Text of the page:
In this letter, we investigate the interaction between a thermal rubidium (Rb) vapor and sub-wavelength ridge waveguides. To benefit from the well-established CMOS technology in silicon (Si) and be compatible with the telecommunication band, we use a two-photon excitation scheme, i.e. ($5S_{1/2} \rightarrow 5P_{3/2}$) at $\lambda _1$ = 780 nm and ($5P_{3/2} \rightarrow 4D_{5/2}$) at $\lambda _2$ = 1529 nm (telecom wavelength) where the latter is coupled to the waveguide. We demonstrate the coupling of rubidium atoms to the evanescent tail of the waveguide mode in the cladding. By systematic measurement of the absorption linewidth at different telecom laser powers, even down to the single photon level, we investigated the effect of tight-mode confinement of the sub-wavelength waveguide via a noticeable reduction of the saturation power. In addition, we investigate the effect of the surface on the atomic spectra via the Casimir-Polder (CP) potential. Our experimental measurements can be properly described via a generalized effective susceptibility model based on total internal reflection (TIR)-spectroscopy [43] when CP potentials and transient effects due to the atomic motions are incorporated.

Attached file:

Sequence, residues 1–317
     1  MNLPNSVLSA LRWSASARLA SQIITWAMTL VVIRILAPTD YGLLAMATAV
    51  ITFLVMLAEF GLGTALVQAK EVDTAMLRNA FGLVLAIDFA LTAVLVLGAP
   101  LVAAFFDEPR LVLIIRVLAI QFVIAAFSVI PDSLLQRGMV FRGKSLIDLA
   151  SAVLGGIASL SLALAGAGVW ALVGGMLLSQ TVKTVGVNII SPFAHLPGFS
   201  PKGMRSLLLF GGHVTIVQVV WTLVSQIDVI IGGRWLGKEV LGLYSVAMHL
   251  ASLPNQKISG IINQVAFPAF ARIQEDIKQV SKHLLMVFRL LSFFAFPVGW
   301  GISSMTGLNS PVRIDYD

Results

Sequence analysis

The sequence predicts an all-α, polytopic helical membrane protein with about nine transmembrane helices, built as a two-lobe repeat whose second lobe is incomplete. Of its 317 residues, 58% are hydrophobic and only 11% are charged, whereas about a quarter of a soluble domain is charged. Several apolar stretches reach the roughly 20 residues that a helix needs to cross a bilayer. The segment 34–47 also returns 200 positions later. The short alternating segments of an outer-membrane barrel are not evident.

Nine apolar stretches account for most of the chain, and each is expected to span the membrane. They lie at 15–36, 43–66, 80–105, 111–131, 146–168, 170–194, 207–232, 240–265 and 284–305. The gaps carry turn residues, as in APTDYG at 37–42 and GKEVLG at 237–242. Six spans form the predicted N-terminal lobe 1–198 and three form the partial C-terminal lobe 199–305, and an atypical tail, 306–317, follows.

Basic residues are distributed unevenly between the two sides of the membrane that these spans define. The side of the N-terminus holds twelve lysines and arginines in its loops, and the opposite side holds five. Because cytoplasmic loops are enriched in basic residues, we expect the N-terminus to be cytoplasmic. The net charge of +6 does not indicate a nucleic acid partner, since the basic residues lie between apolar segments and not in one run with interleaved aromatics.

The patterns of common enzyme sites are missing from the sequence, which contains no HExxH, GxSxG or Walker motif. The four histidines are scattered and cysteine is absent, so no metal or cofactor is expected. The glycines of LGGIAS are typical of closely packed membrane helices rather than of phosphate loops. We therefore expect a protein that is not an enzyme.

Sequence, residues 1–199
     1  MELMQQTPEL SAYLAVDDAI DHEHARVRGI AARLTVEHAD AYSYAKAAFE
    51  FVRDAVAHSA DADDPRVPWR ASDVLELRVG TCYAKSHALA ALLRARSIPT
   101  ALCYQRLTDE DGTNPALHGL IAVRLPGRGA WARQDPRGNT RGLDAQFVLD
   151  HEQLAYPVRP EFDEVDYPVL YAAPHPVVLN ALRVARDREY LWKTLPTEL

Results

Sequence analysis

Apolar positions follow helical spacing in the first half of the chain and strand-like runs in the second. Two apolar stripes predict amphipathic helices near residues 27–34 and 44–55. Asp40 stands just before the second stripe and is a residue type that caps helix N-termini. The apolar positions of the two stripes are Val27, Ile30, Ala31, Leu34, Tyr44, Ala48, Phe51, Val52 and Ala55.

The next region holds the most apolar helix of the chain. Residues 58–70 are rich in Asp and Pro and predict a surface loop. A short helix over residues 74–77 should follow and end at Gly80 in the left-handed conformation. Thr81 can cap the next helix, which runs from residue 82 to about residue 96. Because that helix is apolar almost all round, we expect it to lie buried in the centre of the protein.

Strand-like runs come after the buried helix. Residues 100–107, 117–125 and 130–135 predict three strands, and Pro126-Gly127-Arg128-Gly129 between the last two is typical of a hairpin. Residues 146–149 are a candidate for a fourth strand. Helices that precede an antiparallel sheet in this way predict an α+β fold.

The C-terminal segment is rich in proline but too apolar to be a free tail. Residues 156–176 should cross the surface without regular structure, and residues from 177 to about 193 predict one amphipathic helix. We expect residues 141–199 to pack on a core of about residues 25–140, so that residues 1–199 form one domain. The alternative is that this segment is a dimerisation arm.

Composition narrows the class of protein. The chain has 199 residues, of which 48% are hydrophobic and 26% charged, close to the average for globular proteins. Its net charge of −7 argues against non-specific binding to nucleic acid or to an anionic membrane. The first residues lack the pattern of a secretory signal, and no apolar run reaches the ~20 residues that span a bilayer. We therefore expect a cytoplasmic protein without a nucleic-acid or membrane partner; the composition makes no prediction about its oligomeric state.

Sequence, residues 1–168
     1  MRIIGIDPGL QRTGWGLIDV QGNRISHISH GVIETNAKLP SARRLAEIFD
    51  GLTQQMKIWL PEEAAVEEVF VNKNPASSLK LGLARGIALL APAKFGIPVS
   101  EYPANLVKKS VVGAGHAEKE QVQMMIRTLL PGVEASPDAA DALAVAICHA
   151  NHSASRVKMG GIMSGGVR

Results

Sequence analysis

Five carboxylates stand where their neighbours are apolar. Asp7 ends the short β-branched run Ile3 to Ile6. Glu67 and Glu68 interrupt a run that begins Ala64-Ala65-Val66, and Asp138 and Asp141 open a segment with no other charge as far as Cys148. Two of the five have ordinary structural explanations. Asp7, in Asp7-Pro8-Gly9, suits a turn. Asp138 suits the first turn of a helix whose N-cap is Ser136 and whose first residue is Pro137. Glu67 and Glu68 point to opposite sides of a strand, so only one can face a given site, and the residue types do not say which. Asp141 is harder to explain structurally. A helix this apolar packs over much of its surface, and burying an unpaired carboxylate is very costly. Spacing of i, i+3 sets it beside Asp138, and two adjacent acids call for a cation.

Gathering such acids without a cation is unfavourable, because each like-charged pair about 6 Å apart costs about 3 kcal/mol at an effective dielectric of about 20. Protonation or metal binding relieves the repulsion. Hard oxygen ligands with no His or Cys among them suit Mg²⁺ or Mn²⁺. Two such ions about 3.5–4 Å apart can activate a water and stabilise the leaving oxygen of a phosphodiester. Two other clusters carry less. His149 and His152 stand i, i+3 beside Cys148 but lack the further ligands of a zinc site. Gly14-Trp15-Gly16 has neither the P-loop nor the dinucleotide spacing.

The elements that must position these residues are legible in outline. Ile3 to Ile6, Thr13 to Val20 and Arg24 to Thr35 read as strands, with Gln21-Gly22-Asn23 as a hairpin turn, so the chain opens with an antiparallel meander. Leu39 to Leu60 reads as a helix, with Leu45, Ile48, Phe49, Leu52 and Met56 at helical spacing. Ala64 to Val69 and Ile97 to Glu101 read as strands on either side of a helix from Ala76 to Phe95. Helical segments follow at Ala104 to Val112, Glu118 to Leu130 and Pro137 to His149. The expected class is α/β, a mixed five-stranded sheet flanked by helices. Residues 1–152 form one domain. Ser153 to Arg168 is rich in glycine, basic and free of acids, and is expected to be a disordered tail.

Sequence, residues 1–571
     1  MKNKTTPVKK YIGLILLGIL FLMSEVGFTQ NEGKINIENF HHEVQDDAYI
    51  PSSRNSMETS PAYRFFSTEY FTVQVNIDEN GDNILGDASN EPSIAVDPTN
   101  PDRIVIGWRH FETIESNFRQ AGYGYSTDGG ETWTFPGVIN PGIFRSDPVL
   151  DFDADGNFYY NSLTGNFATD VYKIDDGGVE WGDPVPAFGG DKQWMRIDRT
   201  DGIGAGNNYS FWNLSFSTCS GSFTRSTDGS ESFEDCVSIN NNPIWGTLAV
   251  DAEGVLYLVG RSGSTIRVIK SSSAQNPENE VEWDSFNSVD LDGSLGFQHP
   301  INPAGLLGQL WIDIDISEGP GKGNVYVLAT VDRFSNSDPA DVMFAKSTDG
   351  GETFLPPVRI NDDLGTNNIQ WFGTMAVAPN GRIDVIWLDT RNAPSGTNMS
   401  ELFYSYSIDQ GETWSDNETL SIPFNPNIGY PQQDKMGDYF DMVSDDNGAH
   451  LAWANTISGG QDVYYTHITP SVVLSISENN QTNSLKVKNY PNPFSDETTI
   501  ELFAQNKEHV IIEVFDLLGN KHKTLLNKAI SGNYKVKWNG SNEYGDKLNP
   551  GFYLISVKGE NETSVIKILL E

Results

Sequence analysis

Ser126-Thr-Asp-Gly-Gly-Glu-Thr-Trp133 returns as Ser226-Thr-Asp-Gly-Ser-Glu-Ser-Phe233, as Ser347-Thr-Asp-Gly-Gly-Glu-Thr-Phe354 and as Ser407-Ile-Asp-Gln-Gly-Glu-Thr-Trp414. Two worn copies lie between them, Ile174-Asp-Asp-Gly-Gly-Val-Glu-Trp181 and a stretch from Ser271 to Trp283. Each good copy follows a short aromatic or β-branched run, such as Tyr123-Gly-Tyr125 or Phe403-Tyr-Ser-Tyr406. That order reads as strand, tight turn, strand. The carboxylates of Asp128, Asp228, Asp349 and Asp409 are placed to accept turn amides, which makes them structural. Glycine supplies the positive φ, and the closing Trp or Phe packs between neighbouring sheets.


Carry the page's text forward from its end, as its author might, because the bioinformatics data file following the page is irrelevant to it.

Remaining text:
Although the coupling between atoms and the waveguide mode is still in the weak regime we believe that our scheme has the potential of investigating stronger coupling realms when more confined geometries like slot waveguides and cavities [44] are considered. Moreover, the substantial reduction of the required power for inducing optical non-linearity makes this hybrid device an efficient candidate to produce non-classical light at the telecommunication band [45].